Delaware Wants To Become The First State To Offer Digital Driver’s Licenses

We have digital documents that have become just as accepted as paperwork — from contracts to concert tickets — so why not that holy grail of wheeled freedom for the minor set, the driver’s license? Delaware wants to start the technological trend of having digital driver’s licenses, with the state legislature adopting a resolution to start looking into the process.

The Legislature adopted a resolution last week that directs the Delaware Division of Motor Vehicles to study and consider digital licenses, reports

“We’d like to go first,” said Jennifer Cohan, director of the Delaware DMV says. “If it works for Delaware, then it will be a new option for Delaware citizens to show proof of driver’s license and identification.”

Other states are working on it as well: Iowa is crafting a pilot program with the vendor it shares with Delaware and 40 other states. That app will launch in 2016.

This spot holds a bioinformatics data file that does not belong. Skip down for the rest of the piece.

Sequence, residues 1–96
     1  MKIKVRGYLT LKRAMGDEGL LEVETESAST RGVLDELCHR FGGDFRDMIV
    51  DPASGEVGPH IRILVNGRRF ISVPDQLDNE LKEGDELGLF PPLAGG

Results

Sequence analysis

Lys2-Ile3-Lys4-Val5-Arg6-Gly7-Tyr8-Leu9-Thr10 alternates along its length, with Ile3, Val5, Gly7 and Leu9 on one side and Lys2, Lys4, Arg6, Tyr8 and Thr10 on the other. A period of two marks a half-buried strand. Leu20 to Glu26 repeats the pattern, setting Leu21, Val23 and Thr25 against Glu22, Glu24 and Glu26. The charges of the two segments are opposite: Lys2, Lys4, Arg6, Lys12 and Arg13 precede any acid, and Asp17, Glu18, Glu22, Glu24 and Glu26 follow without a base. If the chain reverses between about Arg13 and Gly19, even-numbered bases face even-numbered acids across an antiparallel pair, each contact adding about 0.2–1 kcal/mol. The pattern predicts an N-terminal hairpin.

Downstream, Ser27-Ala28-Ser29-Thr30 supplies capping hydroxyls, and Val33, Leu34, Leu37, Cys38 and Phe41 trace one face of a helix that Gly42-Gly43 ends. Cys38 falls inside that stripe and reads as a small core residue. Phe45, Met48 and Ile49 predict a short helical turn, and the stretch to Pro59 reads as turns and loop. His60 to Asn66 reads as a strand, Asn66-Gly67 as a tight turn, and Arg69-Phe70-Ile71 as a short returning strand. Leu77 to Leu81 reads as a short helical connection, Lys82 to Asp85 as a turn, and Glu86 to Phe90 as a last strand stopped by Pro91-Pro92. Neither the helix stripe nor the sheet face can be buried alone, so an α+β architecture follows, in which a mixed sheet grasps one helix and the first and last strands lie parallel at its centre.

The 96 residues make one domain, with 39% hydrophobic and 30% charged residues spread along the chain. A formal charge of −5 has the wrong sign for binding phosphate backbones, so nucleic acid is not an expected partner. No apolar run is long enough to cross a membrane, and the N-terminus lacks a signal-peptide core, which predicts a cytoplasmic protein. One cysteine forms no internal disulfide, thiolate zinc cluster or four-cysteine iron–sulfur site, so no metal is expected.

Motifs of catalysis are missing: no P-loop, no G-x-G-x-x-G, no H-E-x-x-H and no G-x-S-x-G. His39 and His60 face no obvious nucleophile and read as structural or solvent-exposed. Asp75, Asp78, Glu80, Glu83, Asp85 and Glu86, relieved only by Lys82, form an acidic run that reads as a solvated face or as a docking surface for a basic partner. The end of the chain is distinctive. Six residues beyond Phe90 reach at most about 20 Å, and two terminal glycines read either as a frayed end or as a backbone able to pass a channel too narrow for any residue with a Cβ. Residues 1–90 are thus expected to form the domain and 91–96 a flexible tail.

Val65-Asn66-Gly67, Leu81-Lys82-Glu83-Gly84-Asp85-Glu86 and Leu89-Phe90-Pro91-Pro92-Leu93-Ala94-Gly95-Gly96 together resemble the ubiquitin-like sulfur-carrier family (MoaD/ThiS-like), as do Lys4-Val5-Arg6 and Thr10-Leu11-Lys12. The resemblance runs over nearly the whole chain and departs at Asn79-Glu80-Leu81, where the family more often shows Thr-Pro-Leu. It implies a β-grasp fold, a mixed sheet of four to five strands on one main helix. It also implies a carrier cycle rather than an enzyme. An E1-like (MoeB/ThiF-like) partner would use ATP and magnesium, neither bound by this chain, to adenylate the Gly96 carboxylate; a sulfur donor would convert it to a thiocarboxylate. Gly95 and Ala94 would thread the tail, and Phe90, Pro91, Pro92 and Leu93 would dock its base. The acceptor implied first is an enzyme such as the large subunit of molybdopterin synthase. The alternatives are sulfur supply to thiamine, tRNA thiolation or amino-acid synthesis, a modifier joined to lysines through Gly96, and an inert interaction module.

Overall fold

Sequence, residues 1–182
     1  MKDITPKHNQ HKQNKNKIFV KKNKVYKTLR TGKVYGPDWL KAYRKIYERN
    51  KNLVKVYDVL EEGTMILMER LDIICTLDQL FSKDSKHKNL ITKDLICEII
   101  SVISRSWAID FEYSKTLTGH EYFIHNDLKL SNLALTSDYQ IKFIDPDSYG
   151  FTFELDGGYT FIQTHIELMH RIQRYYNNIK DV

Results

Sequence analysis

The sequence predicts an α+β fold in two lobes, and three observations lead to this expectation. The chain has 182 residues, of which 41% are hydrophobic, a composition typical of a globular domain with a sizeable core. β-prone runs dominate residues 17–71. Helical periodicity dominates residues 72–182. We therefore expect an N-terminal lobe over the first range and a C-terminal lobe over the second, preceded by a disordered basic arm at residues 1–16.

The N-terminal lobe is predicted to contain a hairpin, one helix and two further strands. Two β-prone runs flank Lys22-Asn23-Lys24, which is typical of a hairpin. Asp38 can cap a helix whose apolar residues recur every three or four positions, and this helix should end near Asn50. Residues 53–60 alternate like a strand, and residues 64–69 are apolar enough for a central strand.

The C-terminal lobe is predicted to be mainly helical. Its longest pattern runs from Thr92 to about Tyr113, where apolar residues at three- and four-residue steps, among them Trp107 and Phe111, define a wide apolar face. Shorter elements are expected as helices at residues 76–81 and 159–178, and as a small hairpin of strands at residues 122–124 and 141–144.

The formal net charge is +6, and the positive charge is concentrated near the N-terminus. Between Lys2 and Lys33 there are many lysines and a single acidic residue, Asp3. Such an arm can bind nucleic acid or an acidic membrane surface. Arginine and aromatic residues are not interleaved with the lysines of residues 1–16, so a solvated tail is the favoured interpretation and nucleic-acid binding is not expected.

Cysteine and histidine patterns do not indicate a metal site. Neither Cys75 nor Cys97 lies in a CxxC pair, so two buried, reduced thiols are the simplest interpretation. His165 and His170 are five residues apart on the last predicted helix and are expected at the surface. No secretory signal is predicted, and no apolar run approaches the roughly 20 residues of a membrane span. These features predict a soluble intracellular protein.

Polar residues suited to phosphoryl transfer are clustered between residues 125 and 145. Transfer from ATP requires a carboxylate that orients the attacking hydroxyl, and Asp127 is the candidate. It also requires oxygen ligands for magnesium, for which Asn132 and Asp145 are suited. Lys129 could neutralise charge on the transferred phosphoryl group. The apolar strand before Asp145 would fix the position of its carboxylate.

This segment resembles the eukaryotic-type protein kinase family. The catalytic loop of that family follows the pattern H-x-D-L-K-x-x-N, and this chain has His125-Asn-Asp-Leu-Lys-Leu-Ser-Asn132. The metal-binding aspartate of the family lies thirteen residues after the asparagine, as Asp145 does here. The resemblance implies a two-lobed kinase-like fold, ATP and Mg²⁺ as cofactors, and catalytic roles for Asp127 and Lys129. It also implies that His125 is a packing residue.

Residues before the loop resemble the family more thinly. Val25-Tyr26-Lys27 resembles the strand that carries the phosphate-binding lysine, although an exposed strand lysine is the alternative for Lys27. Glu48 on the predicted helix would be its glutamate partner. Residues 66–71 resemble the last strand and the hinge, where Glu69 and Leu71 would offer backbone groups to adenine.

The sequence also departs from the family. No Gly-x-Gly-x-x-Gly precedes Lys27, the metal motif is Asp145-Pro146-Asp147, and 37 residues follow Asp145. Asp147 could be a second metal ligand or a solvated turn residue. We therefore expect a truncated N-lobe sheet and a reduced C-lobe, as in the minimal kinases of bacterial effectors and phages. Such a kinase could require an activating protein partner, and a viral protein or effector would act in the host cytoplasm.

Drivers would still have a choice of a hard plastic license as well, with the digital version being an additional option.

To gain access to the information in the app — including birthdate, name, address, signature and photo, like on hard licenses — you’d have to provide facial, fingerprint or voice recognition as well as a personal-identification code.

Not everyone is on board, as some security experts warn that it’s unclear what information would be shared where and with whom.

“Would you really want to put an app on your phone that the government wrote?” Chase Cotton, professor of practice in the University of Delaware’s Electrical and Computer Engineering Department, told the news site.

“They’re probably not going to do anything bad, but most people have a lot of private information on their phones,” he said, adding that digital IDs are probably going to happy anyway.

Others in the police force have questions about traffic stops — what if the driver’s phone has lost power, and how can an officer take the digital license away after a drunken driving arrest if they can’t take the phone?

Iowa’s answer is a mobile app for law enforcement phones that would read digital driver’s license, so the phone would never have to change hands, Andrea Henry, director of strategic communications for the Iowa Department of Transportation told DelawareOnline.

Delaware eyes digital driver’s licenses []

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